What goes up must come down. This is finally holding true for the resilient Australian dollar that has begun to show weakness.
China's decision to ease a boycott of some $11 billion in Airbus jet orders followed a high-level appeal from the planemaker.
Police officials said that most of the victims did not have life-threatening injuries, and that three suspects were seen running from the scene.
U.S. Bond market vigilantes have already forced a de facto policy shift to tighter credit conditions, writes Michael Ivanovitch.
Administration officials said private donations were needed because Congress had provided much less money than President Obama requested to publicize the new law.
Some of the world's leading hedge funds are pouring money into the Greek banking sector in expectation of huge potential returns. The Financial Times reports.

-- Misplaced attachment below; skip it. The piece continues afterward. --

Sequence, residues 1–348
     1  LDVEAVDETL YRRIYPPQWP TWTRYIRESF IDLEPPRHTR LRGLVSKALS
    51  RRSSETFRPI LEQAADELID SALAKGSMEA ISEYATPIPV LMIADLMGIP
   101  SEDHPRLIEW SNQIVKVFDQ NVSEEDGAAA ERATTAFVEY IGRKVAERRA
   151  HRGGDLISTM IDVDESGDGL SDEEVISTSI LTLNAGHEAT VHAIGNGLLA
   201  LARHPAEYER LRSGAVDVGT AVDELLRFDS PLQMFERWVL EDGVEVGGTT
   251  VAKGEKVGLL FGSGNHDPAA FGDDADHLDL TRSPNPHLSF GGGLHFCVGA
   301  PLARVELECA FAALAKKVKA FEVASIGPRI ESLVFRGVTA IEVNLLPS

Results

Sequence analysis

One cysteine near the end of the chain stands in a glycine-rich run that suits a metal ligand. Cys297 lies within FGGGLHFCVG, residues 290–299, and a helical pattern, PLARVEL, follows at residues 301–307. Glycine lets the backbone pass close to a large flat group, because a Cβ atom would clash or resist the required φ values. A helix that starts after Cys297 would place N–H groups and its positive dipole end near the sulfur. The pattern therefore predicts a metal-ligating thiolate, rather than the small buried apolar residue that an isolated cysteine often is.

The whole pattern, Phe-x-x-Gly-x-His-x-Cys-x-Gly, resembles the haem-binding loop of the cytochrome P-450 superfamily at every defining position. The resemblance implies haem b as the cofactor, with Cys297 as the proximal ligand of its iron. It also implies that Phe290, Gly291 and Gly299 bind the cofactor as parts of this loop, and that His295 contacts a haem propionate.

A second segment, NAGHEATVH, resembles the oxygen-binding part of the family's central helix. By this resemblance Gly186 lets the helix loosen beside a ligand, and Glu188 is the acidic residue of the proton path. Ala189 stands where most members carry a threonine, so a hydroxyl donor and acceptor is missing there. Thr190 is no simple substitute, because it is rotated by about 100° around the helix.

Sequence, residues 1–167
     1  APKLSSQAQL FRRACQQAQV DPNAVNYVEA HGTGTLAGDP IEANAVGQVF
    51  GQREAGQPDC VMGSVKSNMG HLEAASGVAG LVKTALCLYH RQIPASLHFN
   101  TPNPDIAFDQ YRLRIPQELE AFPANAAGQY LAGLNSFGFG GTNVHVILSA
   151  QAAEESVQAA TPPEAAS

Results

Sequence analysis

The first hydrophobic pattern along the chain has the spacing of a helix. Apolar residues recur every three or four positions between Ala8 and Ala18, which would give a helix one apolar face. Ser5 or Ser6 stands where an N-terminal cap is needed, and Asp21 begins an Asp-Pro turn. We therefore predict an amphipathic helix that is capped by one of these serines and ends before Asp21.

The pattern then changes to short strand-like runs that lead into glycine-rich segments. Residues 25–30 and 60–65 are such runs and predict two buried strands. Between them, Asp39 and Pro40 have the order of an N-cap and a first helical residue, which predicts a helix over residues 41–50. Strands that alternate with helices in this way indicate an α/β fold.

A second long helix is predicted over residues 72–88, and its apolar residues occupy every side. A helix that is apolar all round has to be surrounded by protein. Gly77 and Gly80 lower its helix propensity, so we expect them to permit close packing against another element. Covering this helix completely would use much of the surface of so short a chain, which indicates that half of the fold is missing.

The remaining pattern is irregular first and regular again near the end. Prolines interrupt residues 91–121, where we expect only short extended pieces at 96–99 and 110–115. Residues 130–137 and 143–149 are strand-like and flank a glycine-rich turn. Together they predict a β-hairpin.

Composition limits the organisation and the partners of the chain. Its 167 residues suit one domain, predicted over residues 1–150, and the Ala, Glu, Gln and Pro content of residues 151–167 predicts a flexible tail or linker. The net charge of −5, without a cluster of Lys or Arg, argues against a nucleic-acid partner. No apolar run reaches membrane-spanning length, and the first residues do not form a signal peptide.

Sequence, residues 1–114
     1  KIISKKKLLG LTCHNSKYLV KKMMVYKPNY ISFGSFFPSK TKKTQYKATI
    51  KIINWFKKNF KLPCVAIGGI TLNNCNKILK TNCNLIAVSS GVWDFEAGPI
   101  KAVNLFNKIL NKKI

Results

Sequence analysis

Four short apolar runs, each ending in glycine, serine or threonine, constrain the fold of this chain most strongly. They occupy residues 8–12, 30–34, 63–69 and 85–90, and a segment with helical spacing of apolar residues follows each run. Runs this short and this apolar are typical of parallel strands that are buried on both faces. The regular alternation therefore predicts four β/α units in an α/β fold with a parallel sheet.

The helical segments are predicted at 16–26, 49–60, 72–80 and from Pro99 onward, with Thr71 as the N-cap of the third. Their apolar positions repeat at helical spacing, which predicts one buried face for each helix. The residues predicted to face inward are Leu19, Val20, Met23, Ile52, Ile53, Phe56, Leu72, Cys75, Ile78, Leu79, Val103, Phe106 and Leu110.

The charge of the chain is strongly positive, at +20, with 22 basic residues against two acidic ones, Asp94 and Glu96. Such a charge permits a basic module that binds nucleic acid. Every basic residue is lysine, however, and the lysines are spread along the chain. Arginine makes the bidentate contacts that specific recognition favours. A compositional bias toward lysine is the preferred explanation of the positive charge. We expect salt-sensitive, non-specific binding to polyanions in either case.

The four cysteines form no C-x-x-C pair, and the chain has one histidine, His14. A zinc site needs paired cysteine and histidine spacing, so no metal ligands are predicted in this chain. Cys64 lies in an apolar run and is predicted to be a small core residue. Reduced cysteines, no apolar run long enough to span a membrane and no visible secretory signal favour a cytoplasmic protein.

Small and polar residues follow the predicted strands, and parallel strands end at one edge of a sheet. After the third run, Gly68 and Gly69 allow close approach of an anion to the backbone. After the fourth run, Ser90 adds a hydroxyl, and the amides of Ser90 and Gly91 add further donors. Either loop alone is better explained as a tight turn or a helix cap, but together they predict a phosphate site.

The Internal Revenue Service’s special scrutiny went beyond keyword hunts for organizations with “Tea Party” or “patriot” in their names, to a more overtly ideological search.
A slew of Chinese economic data on Monday will kick off another busy week for Asian markets.
Scientists are studying the DNA of the Del Sontro family for mutations or aberrations, hoping to see if genetics can explain why heart disease strikes apparently healthy people.
Officials said the aim in a new wave of attacks was not espionage but sabotage, and that the source seemed to be in the Middle East.
Thomas R. Pickering, who led the State Department’s inquiry into the attack on a diplomatic outpost, said there had been no need to interview the secretary of state.
The police said they believed that Gerald Tyrone Murphy had killed his girlfriend and her 13-year-old son days ago and had used other children as hostages.
A wave of proposed and completed mergers between secular and Roman Catholic hospitals prompt concerns in the left-leaning Pacific Northwest.